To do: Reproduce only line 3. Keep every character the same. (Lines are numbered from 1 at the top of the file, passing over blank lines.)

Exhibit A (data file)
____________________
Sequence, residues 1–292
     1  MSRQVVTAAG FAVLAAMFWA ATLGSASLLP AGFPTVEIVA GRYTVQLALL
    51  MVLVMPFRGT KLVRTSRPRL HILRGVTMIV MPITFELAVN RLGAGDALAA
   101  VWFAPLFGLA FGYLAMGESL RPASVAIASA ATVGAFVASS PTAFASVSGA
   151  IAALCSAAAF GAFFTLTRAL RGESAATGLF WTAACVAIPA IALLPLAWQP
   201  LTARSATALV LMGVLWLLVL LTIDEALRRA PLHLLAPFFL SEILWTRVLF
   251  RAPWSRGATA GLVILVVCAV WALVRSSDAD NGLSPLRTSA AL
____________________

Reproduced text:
    51  MVLVMPFRGT KLVRTSRPRL HILRGVTMIV MPITFELAVN RLGAGDALAA